Abstract

Abstract 4003

Skeletal related events (SREs) are a significant cause of morbidity and mortality in multiple myeloma (MM). Markers of bone turn-over, in particular serum C-terminal telopeptide of type I collagen (CTX), can be used for monitoring early signs of bone damage either in osteoporosis or in neoplasm such as Multiple Myeloma. Since serum CTX levels are significantly decreased during bisphosphonate treatments (Dennis, N Engl J Med 2008), it is not clear whether serum CTX monitoring still retain a role in predicting SREs once bisphosphonate treatments was started. Aim of this study was to test whether serum CTX monitoring significantly correlates with active bone disease in a population of MM patients irrespective of concomitant bisphosphonate treatment.

An unselected cohort of 87 patients with multiple myeloma diagnosed at our Hematology Division with the following characteristics entered this study: the availability of a baseline determination of serum CTX prior to start bisphosphonate therapy, multiple sequential serum CTX determinations (≥2 performed with an interval of at least 4 weeks), a radiologic evaluation available at the time of any SREs. The study was approved by our local ethical committee and conducted according to Helsinki Declaration guidelines. Patients baseline characteristics were the following: M/F 59%/41%, median age 60 (range 37–86), Durie and Salmon stage I/II/III (11%/14%/75%). During the study period (median follow-up 2.8 year, range 0.4–21 years), 73 patients (83%) experienced at least one SRE. Development of SRE was evaluated by standard skeletal x-ray, CT or MRI scan. Serum CTX was measured by an enzyme chemiluminescence method. A total of 260 serum CTX determinations were available for statistical analysis (median number of determinations for each patient 3, range 2–9). Univariate analysis found a statistically significant association between serum CTX and bone disease status with higher values in patients with active lytic lesions when compared to patients without radiological evidence of bone disease (median value 0.411 vs 0.356, p<0.001). By contrast, we observed significantly lower serum CTX values in patients under bisphosphonates treatment (median value 0.160 vs 0.355, p=<0.001). Association between serum CTX values, bone disease status and active bisphosphonates treatment was analyzed with a time-series linear model, accounting for measurement being repeated sequentially on each patient (random-effects GLS regression). Bone disease status and bisphosphonates treatment resulted significantly and independently associated to serum CTX (regression coefficient 0.222, 95%CI: 0.107–0.338, p<0.001 and 0.208 95%,CI: 0.320–0.096, p<0.001 respectively for bone disease status and bisphosphonates, cfr Tab 1). In addition, variations of CTX serum levels correlated significantly with the presence of active bone disease even under treatment with bisphosphonates (p<0.001).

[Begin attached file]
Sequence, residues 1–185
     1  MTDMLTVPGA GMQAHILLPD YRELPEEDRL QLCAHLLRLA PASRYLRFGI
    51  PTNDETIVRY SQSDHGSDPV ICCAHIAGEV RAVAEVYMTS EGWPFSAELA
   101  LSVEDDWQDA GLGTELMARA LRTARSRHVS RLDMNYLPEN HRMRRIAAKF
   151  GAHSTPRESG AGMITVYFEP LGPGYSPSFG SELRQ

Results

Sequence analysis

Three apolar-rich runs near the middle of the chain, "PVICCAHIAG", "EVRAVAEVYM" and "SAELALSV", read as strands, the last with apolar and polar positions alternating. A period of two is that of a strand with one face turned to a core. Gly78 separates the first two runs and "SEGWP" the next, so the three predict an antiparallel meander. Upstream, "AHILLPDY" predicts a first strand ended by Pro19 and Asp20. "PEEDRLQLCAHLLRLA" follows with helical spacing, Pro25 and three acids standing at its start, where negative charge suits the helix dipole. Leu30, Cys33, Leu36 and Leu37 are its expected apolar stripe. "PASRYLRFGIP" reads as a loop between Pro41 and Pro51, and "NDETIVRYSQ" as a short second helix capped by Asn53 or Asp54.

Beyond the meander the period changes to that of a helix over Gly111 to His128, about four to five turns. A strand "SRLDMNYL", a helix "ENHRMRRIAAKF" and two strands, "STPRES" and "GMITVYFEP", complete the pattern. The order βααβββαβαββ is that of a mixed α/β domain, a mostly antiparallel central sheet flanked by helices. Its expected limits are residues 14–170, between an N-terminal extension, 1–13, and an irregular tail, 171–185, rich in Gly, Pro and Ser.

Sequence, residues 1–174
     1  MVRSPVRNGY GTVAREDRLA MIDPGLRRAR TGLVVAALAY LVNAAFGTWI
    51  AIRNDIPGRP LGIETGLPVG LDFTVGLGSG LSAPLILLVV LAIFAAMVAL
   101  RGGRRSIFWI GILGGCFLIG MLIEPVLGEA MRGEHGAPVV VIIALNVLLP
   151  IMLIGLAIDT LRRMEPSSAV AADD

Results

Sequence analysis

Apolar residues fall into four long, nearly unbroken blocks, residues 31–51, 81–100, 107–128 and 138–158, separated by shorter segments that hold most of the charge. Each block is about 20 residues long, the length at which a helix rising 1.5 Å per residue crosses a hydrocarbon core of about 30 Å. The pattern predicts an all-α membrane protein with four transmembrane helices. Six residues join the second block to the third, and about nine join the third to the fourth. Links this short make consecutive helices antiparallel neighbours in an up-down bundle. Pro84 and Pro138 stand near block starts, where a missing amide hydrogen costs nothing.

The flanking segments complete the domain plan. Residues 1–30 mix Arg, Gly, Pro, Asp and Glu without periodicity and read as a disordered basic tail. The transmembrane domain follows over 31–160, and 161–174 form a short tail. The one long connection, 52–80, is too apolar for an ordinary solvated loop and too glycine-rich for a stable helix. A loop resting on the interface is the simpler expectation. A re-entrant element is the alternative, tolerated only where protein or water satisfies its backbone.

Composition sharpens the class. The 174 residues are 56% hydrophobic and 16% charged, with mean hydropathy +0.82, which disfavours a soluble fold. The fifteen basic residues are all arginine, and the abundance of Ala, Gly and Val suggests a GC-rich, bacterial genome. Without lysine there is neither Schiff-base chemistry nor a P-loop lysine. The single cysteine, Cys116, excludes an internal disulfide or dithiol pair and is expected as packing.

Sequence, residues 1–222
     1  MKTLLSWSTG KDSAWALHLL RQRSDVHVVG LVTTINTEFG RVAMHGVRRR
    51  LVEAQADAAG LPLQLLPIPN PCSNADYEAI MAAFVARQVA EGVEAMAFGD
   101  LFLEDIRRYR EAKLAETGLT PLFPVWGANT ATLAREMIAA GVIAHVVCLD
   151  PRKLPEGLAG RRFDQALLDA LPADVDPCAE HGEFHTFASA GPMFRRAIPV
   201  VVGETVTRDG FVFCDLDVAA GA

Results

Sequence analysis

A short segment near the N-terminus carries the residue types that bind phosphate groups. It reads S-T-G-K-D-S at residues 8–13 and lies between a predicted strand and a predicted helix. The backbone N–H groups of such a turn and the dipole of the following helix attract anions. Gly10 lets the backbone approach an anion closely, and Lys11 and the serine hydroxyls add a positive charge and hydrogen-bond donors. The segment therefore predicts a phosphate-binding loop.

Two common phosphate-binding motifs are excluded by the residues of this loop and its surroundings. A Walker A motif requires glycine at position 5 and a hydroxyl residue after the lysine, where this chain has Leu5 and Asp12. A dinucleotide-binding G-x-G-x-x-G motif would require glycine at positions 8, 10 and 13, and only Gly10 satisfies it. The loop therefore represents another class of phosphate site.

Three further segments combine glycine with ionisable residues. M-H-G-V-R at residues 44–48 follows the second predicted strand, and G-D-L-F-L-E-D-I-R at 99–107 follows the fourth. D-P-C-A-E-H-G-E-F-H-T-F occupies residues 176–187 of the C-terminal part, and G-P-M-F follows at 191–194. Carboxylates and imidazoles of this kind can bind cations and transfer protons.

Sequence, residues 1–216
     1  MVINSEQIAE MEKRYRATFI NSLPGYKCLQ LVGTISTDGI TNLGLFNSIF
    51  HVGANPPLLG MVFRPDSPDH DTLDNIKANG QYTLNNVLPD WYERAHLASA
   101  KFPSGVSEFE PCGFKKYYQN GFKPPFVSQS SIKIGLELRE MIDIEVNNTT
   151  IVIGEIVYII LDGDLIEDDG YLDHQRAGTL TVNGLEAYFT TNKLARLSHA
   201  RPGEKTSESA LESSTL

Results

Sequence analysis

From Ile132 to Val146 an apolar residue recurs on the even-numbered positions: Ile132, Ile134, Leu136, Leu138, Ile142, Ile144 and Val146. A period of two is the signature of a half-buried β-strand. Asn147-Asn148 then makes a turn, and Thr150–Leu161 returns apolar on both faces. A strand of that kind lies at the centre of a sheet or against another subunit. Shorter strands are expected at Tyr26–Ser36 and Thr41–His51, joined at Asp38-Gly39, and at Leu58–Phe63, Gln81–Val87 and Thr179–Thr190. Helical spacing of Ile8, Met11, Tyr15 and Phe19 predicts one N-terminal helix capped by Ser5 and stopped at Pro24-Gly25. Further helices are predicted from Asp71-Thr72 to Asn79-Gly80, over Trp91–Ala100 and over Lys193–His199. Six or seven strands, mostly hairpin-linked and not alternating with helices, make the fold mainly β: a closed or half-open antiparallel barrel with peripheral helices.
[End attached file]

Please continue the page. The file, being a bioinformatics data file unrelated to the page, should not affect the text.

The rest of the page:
In conclusion, this study confirmed a positive association between serum CTX and presence of active bone disease. In addition serum CTX levels show a significant decrease under treatment with bisphosphonates. Taking into account these observations, patient-specific variations rather than the absolute serum CTX value should be used for detecting the onset of new SREs during a concomitant bysphosphonates treatment.

Tab 1: Levels of serum CTX according to bone disease status and bisphosphonates treatment.

Bisphosphonates treatment
Progression in bone diseaseActiveNone
Yes 0.219 (0.03–1.79) 0.533 (0.02–4.14) 
No 0.139 (0.03–0.69) 0.345 (0.071–1.57) 
Bisphosphonates treatment
Progression in bone diseaseActiveNone
Yes 0.219 (0.03–1.79) 0.533 (0.02–4.14) 
No 0.139 (0.03–0.69) 0.345 (0.071–1.57) 

Disclosures:

No relevant conflicts of interest to declare.

Author notes

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Asterisk with author names denotes non-ASH members.